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Treating melanoma

melanoma exam Melanomas are always removed. This is called excision. Many GPs will do this themselves, or they may get another GP to do the excision.

The cost of excision varies between doctors, and with the type and size of the lesion. You may be eligible for a subsidy to help you pay for the excision. Talk to your general practice team about this.

Wider excision

Many melanoma will need to have a bigger area of the surrounding skin removed. This is called a wide local excision, and is done by a plastic surgeon at Christchurch Hospital, or privately.

If your melanoma is large or spreading across the skin then your surgeon may need to cut out a larger amount of skin. If the remaining skin cannot be pulled together and stitched then you may need a skin graft – taking skin from another part of your body to put over where the melanoma has been removed from.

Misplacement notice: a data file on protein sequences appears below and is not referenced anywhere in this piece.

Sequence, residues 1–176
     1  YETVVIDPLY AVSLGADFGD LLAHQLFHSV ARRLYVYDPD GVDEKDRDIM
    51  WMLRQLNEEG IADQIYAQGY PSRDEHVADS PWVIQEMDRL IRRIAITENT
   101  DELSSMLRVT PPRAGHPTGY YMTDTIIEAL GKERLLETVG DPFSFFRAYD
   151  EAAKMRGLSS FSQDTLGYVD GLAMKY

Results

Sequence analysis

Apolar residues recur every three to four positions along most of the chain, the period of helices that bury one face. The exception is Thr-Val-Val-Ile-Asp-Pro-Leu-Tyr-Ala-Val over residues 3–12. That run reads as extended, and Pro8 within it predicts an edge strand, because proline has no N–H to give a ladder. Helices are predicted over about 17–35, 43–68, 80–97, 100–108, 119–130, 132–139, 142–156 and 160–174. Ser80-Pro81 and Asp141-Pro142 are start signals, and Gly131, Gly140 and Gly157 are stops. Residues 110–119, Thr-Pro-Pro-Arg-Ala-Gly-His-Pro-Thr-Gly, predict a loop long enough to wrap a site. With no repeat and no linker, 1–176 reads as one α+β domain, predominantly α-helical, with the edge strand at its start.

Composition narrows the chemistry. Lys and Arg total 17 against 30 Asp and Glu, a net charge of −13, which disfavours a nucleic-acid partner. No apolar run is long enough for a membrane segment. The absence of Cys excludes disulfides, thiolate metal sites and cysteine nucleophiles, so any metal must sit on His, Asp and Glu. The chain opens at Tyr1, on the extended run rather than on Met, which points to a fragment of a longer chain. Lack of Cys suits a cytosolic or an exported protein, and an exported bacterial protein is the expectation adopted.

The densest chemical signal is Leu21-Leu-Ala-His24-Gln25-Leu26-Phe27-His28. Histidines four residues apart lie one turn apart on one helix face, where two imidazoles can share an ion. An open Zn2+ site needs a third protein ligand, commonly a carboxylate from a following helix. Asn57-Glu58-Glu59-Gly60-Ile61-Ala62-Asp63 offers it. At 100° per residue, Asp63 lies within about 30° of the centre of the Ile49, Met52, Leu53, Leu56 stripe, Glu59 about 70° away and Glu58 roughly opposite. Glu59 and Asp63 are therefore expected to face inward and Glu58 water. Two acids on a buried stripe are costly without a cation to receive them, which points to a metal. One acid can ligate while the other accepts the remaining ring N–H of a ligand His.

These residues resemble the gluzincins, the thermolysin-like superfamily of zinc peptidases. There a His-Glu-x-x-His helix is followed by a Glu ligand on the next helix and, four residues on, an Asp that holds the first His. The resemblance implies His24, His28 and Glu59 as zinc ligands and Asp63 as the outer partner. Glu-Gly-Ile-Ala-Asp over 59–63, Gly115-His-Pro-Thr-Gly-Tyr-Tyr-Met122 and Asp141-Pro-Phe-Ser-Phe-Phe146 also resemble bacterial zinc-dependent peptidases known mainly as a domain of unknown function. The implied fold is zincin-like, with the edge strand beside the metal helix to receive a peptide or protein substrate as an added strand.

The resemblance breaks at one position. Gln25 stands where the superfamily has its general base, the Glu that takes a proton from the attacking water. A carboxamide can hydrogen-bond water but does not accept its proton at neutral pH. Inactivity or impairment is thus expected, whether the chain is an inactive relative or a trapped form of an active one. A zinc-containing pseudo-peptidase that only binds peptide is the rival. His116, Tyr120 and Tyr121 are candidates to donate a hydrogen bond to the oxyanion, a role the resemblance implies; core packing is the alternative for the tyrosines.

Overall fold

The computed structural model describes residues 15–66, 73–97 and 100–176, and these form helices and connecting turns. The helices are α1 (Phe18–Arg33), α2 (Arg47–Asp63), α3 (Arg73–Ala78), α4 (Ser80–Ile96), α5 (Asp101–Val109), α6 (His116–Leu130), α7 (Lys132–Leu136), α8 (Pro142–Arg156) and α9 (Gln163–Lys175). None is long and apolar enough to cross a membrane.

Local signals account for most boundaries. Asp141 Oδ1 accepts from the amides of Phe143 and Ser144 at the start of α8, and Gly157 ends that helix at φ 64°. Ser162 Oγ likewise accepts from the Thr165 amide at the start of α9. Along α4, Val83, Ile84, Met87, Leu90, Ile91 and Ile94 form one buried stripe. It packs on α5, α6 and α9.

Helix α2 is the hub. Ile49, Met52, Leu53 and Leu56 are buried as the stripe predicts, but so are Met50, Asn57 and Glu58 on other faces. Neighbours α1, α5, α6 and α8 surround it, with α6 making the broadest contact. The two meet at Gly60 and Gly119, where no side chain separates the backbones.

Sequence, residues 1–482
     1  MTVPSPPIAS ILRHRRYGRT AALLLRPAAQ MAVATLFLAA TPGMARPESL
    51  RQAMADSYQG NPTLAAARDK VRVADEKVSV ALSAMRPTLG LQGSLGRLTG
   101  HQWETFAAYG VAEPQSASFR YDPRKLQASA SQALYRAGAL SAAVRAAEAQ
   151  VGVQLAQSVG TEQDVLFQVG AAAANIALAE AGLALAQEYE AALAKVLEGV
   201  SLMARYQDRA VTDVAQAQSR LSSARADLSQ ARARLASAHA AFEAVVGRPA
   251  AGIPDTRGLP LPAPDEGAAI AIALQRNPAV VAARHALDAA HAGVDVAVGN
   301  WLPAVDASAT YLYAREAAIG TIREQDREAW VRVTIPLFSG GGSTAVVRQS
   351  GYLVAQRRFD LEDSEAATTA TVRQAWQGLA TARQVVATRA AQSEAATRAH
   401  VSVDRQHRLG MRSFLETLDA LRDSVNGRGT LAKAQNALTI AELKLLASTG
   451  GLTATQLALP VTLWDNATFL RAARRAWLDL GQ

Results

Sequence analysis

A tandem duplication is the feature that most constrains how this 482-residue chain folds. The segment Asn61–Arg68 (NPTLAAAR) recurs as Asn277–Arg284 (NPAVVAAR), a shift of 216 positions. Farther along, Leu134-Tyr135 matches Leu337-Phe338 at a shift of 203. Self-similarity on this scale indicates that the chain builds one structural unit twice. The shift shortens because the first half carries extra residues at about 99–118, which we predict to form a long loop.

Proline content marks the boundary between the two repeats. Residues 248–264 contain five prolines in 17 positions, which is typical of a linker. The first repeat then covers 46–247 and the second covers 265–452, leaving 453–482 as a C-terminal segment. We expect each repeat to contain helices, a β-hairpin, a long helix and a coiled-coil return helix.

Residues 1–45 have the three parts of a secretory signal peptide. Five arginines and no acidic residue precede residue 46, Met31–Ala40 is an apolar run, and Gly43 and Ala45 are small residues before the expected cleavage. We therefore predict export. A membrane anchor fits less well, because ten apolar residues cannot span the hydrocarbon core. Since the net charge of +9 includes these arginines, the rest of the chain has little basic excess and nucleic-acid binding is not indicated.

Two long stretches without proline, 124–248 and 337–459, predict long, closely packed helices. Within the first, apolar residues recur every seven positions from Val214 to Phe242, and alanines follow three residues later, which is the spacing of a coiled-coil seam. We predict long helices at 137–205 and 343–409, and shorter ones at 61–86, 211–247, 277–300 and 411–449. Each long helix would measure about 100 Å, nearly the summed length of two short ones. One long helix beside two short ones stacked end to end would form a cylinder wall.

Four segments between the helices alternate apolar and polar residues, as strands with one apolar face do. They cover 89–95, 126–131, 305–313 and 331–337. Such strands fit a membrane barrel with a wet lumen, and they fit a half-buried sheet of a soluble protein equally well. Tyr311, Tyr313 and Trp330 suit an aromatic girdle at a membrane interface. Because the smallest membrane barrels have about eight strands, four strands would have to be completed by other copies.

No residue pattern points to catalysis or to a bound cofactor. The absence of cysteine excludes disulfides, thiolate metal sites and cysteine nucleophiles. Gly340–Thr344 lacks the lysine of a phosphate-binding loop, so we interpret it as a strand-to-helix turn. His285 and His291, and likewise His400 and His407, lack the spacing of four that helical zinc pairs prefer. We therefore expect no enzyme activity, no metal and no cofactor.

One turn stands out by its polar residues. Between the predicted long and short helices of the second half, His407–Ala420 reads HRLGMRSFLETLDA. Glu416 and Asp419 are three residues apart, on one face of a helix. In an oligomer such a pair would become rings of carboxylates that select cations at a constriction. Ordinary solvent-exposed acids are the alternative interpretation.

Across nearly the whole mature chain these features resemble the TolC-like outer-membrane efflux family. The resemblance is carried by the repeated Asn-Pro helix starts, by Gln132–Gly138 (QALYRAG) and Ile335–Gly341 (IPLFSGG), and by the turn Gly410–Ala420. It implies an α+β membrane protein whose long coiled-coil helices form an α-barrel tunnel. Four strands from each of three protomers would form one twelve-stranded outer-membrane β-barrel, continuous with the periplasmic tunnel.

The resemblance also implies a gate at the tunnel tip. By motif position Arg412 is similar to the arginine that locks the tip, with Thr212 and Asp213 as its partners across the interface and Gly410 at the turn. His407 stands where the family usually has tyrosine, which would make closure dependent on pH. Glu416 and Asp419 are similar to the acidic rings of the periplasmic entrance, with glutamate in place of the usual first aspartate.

Lymph node dissection

Depending on the stage of melanoma you have, it may be necessary to remove all the lymph nodes in the surrounding area. For more information, see lymph node dissection.

Non-surgical treatments

If your cancer is more advanced, you may be referred to the oncology clinic to meet a cancer specialist. They may recommend additional non-surgical cancer treatments. These can include chemotherapy (drugs that kill cancer cells), immunotherapy (drugs that stimulate your own immune system to act against cancer cells) or radiotherapy (using radiation to kill cancer cells).

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Written by HealthInfo clinical advisers. Endorsed by clinical directors, Plastic Surgery and Dermatology, Canterbury DHB. Last reviewed May 2021.


See also:

Risks and complications of skin surgery

Having an anaesthetic

Page reference: 37530

Review key: HIMEL-15455